Anna Byrne, 35, told consultant psychiatrist Dr John Sheehan that she felt 'part of her life was missing' because she had no daughter.
"She said that she planned the current pregnancy hoping for a baby daughter but found out at 20 weeks she was having twins and that they were both boys. She said that she was devastated," Dr Sheehan said.
Her mood was low and she had described a loss of interest and not feeling 'maternal'. Anna, a nurse from Dunboyne, County Meath, Ireland, told Dr Sheehan she felt overwhelmed by the prospect of having four boys.
In the months before her death she noticed baby girls everywhere and avoided her friends - particularly those with daughters.
She did not express any intention to take her own life but six days after seeing the psychiatrist, she jumped from a cliff-top at Howth summit, Dublin.
Anna was in the last days of her pregnancy and was due to give birth by caesarean section on March 29.
Anna's husband Terry described the final conversation the couple had before she died.
He said at the inquest: "We told each other that we loved each other and she said 'I'll see ya later'."
The coroner returned an open verdict because he could not say beyond reasonable doubt that the mother intended to take her own life.
The inquest in Dublin heard that Anna had suffered from depression from her early 20s and her first pregnancy in 2004 ended in miscarriage.
She went on to give birth to two little boys, Joe and Aidan.
"However, she felt part of her life was missing because she had two sons and no daughter," Dr Sheehan said.
She found out 20 weeks into her third pregnancy that she was carrying boys again. She was left 'devastated' and unable to sleep for several nights.
The couple had talked about flying to Greece, where they would be allowed to select the sex of their child through assisted reproduction treatment.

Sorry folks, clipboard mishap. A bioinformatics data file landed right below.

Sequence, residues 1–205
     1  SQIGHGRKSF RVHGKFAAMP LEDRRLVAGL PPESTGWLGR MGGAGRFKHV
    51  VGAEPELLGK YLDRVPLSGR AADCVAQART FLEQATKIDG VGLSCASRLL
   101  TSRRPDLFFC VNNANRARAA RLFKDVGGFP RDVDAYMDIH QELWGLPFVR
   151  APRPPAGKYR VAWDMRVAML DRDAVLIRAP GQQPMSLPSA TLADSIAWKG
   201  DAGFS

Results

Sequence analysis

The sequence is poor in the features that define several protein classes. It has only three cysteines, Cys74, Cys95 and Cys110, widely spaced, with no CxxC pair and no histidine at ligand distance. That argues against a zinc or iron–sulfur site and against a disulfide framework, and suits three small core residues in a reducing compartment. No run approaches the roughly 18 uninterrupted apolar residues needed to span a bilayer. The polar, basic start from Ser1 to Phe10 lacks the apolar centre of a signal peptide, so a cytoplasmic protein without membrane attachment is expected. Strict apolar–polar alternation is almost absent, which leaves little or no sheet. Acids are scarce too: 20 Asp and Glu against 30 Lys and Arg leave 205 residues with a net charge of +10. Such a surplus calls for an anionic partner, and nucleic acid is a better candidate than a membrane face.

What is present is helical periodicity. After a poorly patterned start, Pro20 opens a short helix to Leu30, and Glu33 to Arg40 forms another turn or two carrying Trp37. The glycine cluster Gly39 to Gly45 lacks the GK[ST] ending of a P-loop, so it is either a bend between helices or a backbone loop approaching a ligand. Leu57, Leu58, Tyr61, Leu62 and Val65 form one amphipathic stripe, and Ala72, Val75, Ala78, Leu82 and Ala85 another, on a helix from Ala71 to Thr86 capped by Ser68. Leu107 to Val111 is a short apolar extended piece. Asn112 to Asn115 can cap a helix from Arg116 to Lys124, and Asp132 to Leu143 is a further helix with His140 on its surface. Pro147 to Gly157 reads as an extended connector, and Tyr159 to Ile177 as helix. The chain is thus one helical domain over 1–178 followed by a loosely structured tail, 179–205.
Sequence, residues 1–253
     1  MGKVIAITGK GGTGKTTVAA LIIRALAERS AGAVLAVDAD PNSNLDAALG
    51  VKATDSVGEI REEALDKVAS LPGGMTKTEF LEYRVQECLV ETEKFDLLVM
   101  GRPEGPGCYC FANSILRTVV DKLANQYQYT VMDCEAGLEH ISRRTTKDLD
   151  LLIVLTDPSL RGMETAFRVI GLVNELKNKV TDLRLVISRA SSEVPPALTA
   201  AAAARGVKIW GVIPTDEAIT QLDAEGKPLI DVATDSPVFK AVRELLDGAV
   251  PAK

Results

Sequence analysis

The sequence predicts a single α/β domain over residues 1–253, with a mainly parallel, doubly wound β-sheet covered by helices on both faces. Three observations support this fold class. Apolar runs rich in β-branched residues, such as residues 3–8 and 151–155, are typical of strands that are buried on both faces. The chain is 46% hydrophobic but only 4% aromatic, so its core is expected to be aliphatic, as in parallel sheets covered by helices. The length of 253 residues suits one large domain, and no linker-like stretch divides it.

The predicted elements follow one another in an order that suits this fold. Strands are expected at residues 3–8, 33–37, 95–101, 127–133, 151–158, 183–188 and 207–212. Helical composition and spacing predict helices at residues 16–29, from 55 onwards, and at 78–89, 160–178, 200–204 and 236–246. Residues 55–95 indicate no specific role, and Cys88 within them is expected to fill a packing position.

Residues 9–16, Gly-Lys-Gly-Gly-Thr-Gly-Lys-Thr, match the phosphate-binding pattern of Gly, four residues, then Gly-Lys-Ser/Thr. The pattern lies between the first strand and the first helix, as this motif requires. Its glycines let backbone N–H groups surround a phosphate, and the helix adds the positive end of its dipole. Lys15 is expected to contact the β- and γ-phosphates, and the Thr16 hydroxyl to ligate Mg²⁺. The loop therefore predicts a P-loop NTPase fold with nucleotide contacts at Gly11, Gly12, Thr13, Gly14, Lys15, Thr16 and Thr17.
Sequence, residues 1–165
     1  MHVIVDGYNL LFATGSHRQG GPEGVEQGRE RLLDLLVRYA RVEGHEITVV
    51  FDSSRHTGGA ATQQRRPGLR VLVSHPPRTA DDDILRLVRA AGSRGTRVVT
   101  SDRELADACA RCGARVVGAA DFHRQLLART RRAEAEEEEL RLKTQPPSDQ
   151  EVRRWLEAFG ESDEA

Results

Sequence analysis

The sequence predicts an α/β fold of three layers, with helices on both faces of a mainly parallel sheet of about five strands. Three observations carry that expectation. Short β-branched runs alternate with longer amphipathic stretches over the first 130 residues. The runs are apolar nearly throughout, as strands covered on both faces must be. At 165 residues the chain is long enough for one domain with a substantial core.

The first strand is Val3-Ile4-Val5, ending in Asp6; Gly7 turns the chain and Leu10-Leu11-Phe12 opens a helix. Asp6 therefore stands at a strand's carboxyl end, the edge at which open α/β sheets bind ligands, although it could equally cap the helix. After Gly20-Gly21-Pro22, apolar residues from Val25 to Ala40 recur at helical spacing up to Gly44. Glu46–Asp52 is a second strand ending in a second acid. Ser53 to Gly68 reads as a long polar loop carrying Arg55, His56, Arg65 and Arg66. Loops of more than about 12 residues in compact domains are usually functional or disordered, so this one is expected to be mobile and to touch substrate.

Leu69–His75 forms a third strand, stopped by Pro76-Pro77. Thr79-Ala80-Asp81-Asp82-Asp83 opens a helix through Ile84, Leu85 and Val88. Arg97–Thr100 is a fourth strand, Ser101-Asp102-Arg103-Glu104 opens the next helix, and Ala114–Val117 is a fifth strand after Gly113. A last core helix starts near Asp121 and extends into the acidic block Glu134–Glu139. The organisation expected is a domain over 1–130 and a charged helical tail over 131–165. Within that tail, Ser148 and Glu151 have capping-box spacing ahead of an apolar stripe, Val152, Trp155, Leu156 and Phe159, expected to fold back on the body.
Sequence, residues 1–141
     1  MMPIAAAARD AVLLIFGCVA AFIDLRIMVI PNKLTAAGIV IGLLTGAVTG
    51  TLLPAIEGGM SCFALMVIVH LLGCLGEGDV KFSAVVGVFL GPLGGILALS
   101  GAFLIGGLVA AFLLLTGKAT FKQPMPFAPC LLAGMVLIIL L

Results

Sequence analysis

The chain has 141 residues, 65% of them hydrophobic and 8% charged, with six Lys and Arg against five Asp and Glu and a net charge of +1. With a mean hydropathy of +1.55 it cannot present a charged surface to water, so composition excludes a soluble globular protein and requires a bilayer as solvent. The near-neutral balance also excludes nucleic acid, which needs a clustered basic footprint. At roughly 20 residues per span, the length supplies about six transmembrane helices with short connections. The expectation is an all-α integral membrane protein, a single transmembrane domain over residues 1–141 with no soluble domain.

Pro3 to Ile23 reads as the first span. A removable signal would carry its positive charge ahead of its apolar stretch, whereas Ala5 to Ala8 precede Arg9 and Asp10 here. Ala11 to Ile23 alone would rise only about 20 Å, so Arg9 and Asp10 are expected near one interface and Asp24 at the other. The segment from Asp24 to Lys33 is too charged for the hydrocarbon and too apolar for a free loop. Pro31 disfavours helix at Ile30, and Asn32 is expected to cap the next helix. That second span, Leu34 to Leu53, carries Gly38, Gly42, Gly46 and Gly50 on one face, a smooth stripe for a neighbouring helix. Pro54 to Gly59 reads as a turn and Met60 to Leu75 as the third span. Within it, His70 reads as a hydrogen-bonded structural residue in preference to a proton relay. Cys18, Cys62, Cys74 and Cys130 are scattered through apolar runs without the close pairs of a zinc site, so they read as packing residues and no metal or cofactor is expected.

Dr Sheehan increased Anna's dosage of anti-depressants and prescribed anti-histamine to help her sleep.
Recalling the events of the tragic day, her husband said he first became aware Anna was missing at 1.30pm when she failed to collect their son from Montessori School.
He checked with the supermarket and all the local maternity hospitals, and rang her friends. He called Gardai in Dunboyne at 3.30pm and just after midnight, her car was found by a friend at Howth summit.
Gardai found a 'heart-rending' farewell note in the car. A search and rescue operation followed but was called off at 3.30am and her body was recovered from the base of the cliff at 7.49am.
It was established that Anna had been dead for eight to 10 hours and a postmortem examination gave the cause of death as the multiple injuries due to a fall from a height.
Coroner Dr Brian Farrell said although he was not saying Anna did not want to take her own life, the evidence did not satisfy the legal test for a verdict of suicide. Consequently, he returned an open verdict.
More:Advice And Health
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